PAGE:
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Software-based video conferencing connects British hospitals

A hospital cancer network in the U.K. is using software-based video conferencing from IOCOM to allow doctors to meet virtually and collaborate with diagnostic images.

In London, a network of 11 hospitals maintains a multidisciplinary team that consults on the assessment and treatment of cancer patients. But efficiently assembling this team was a challenge. When the United Kingdom's National Health Service (NHS) mandated that these teams use video to collaborate, the hospitals selected a software-based video-conferencing product to connect them.

Some of the hospitals had video-conferencing technology in place already, but the systems were heterogeneous and didn't fit the needs of the multidisciplinary teams (MDTs), according to Alan Lowe, West London Cancer Network's project manager.

"I represented 11 hospitals," Lowe said. "Some had nothing at all; some were using Polycom systems and some were using Tandberg. All of them went over an ISDN. I went to all the different hospitals, and they were all unhappy with them."

Video-conferencing sessions were difficult to set up, he said, and the ISDN network was unreliable. There was also a lack of flexibility in the hardware-based products the hospitals had in place.

Lowe said the cancer network needed a video technology that would allow users to collaborate with multiple streams of diagnostic images simultaneously. The technologies the individual hospitals had in place only allowed face-to-face communication with a single video stream for a presentation feed.

"Polycom and Tandberg were designed specifically for business meetings -- face to face, with one PowerPoint presentation," Lowe said. "With an MDT meeting, you've got a number of diagnostic images. So you've got the person in the meeting, their camera view, and you've got the patient's electronic X-rays and CT scans demonstrated. Plus you've got the clinical patient record on the screen, and you have maybe a microscopic image of his blood. So you're looking at three or four images per patient, and you might have people from seven different hospitals in the meeting."

Lowe issued a request for proposals from resellers on the market. He received 20 official responses, and 19 were from resellers offering a combination of Polycom and Tandberg hardware. The final proposal was from IOCOM, a provider of software-based video-conferencing technology.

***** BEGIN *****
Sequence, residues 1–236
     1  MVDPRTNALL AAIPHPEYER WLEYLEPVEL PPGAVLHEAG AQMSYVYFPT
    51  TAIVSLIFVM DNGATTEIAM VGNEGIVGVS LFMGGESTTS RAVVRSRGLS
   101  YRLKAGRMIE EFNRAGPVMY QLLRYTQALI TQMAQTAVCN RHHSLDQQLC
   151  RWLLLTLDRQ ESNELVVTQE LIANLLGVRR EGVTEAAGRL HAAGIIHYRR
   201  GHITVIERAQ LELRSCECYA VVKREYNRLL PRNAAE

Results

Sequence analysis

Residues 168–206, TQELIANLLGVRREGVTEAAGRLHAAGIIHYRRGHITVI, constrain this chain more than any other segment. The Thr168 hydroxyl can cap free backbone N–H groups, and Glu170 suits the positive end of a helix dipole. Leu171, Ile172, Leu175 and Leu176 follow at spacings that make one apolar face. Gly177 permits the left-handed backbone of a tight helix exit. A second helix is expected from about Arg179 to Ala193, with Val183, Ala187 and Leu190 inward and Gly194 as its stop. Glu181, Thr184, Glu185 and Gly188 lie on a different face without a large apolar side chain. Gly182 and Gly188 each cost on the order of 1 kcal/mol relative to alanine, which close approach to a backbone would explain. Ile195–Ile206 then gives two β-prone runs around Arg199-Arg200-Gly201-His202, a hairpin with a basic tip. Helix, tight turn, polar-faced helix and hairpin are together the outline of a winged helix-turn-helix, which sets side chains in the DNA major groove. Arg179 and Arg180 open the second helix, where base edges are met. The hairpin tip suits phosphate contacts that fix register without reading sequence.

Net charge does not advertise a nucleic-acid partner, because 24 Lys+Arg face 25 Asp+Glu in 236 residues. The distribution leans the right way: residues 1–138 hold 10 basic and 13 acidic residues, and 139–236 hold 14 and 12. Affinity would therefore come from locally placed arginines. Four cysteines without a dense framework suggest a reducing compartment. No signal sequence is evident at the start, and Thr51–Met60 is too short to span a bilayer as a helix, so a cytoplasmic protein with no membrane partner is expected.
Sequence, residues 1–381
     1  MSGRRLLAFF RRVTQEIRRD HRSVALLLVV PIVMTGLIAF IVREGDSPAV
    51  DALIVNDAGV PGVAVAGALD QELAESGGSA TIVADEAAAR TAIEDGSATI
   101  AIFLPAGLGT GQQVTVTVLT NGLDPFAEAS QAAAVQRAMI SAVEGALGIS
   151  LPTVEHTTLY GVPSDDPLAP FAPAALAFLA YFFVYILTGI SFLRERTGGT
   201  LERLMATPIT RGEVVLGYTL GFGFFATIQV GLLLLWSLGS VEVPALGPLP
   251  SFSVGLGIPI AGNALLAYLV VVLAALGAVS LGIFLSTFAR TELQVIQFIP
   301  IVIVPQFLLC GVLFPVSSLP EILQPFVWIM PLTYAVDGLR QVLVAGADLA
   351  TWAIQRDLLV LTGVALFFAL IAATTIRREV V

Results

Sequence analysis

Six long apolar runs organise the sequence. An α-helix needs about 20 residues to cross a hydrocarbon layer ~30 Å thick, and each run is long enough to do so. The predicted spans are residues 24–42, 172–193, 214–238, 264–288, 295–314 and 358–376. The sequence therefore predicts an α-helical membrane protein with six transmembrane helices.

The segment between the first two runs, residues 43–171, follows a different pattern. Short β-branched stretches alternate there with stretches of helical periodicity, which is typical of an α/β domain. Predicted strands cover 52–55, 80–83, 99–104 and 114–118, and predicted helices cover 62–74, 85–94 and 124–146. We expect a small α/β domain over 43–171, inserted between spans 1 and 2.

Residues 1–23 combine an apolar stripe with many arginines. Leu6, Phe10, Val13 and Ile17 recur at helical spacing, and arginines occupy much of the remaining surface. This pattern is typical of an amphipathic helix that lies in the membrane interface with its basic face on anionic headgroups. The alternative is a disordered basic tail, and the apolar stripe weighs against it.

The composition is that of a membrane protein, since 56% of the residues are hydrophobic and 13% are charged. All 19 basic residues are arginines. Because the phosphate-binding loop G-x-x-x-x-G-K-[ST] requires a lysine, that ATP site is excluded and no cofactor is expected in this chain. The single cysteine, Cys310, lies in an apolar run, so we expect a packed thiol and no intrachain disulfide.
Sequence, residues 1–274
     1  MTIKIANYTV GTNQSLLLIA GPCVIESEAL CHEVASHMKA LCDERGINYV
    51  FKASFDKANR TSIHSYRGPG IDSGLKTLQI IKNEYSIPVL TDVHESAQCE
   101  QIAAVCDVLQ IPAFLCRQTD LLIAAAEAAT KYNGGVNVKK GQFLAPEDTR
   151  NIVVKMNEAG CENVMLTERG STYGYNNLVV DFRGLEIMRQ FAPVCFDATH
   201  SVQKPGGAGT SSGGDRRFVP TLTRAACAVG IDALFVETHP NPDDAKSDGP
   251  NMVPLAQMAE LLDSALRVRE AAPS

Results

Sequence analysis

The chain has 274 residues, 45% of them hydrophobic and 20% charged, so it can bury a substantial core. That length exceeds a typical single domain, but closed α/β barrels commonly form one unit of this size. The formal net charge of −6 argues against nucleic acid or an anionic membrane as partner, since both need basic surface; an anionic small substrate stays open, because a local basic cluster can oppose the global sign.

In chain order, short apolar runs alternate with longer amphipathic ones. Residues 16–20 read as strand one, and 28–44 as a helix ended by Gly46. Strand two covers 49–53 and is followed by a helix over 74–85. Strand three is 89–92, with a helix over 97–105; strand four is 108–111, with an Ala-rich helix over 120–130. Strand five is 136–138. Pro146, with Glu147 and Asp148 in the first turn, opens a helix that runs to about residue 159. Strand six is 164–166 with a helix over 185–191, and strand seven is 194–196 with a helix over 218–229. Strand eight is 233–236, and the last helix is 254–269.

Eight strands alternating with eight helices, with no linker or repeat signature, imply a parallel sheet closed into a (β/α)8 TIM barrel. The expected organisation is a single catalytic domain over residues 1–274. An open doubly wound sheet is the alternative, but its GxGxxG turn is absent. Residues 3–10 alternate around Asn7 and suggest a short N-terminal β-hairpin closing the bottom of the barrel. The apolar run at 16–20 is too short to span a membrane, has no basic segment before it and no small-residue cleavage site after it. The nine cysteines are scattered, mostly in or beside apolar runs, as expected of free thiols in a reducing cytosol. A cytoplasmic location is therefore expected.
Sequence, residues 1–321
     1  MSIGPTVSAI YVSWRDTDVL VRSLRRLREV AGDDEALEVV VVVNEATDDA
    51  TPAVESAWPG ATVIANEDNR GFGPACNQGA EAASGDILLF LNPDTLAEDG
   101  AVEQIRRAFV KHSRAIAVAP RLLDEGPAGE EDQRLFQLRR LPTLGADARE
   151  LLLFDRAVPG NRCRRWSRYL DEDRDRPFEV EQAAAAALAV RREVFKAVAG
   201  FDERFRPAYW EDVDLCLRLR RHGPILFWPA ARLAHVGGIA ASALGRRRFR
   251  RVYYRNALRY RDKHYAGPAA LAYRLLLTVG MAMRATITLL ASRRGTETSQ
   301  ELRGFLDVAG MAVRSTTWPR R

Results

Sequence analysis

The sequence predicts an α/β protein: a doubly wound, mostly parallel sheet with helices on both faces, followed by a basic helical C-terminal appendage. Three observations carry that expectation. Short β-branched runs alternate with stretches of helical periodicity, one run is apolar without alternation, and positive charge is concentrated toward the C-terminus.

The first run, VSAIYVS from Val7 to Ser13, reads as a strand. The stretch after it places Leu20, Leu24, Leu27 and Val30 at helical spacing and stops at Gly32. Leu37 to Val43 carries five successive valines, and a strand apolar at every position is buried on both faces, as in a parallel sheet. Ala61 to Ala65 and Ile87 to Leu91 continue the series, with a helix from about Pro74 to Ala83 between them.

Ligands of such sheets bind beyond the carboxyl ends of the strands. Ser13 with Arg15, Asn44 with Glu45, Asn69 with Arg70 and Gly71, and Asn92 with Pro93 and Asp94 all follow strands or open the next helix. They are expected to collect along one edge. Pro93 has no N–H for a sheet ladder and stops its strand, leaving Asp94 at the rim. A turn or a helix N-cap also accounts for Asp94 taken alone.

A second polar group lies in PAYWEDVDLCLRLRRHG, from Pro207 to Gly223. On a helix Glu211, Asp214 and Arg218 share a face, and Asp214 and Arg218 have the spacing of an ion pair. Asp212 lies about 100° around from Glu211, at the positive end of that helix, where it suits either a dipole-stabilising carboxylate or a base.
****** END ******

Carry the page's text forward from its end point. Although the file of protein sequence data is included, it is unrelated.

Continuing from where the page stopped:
IOCOM's software-based approach is built around the company's Unified Collaboration Server, a central server that manages video communication and collaboration for desktop and room-based users across enterprise locations.

Lowe selected IOCOM's software for the implementation. The reseller, which he declined to name, used third-party hardware to set up about 15 video-conferencing rooms and about 20 desktop licenses.

Each room set-up has multiple plasma screens, projectors and cameras that are controlled by a local desktop computer. The video streams run across the National Health Service's own private network, the N3 network.

"IOCOM allows doctors to have a complete overview of all the patient's diagnostics without having to transfer between each image," Lowe said. "The other advantage is that it's software-based. So you don't need an expert to run the meetings. You just need someone who's used to running Windows. It's a standard Windows application. Another key factor is [that] physicians who couldn't get to a video-conferencing room … could come into a meeting via a desktop."

Lowe said that interacting with the system is similar to interacting with a Windows desktop. Each video feed and diagnostic image feed can run in an independent window displayed on plasma screens or a projected image in a room-based system. Doctors can use the local PC to make each image as large or small as they want. They can also change the resolution of the images and the audio volume of each separate feed. Lowe said the IOCOM system offered flexibility that he didn't see from other vendors.

"In Polycom, you've got these three screens and you can literally only have those three screens," he said. "There are things you can do to split the signal, but that's just not the same. With IOCOM, you're not restricted by your screen. You can have one plasma screen with eight or nine images. It's about having those images ready seamlessly when you want them, and you're not spending time switching between two or three images."

"It's changed the way people think about the possibilities with video conferencing," Lowe said.

For instance, a software-based system that allows users to video conference from a desktop offers some unique opportunities. The hospitals are considering a phase 2 project that would allow patients themselves to use the IOCOM video-conferencing technology from home. Patients who don't require face-to-face examination would be able to meet with their doctors via home computers and look at the diagnostic images the doctors are using.

"I'm looking at security and testing for that," Lowe said. "And we're looking at remote access for staff from home, so if there is a critical emergency and they want to get more expertise from home, we can ping them at home and show them a scan or show them a photo as if they were there."

Let us know what you think about the story; email: Shamus McGillicuddy, News Editor

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